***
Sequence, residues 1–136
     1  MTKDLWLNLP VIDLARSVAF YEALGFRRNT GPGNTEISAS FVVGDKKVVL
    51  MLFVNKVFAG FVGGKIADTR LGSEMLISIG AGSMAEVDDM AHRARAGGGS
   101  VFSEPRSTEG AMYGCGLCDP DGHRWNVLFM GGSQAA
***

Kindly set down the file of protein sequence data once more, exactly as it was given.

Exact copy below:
Sequence, residues 1–136
     1  MTKDLWLNLP VIDLARSVAF YEALGFRRNT GPGNTEISAS FVVGDKKVVL
    51  MLFVNKVFAG FVGGKIADTR LGSEMLISIG AGSMAEVDDM AHRARAGGGS
   101  VFSEPRSTEG AMYGCGLCDP DGHRWNVLFM GGSQAA